’TIS GERRYMANDERING SEASON. As states come out with new voting district maps, we are urged to contact lawmakers about the maps’ problems. However, saying: “I want a fair map, no gerrymandering” is not effective because it’s too general. As a friend said to me, “I understand the best testimony is very specific to the proposed district, but I don’t know how one arrives at the knowledge of maps and demographics to write with such specificity.”
Here’s how. Anyone can do this, and it’s quick.
First, look at the map to see how many counties are sliced into 2, 3, or more voting districts. The more splits, the worse the map. A specific comment could say: “5 counties are each split into 3 separate voting districts, and another is split into 4. A fair map minimizes splits…” *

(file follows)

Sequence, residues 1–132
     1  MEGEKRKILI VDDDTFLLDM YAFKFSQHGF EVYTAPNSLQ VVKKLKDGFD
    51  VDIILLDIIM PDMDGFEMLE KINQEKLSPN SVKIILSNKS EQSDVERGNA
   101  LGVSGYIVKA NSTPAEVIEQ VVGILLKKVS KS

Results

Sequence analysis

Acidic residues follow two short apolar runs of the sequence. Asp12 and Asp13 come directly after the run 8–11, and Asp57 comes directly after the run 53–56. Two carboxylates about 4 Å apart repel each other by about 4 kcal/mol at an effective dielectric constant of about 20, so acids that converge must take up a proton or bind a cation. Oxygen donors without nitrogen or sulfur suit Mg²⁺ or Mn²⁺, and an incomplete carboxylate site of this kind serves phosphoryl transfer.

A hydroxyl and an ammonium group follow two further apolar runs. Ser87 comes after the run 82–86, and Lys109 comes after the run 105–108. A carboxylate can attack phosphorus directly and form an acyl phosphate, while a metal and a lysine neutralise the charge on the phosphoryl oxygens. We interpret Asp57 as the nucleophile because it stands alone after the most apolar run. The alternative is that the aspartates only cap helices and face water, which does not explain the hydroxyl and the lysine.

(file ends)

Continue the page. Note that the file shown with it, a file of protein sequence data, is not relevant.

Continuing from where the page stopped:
Next, look closer to home at geography you know. See where they drew the line(s). Do the maps respect communities and neighborhoods, or not? For example, Cincinnati, OH is split in half. The eastern half is in a district with seven rural counties. The city and the rural areas have little in common, not like the city would have if left intact in a single voting district. The map makers deliberately diluted the city’s vote. It’s textbook gerrymandering.
These examples should get you started.
When I started looking at maps in this way, things began to pop out, for instance, a low-income area split into different districts. Address the things you see. Identifying vote dilution is a good way to begin.
* Because voting districts must have equal populations, sometimes a county must be split, but map makers have choices. When they split a county into 3 or 4 voting districts, it rarely if ever involves legitimate mapping criteria.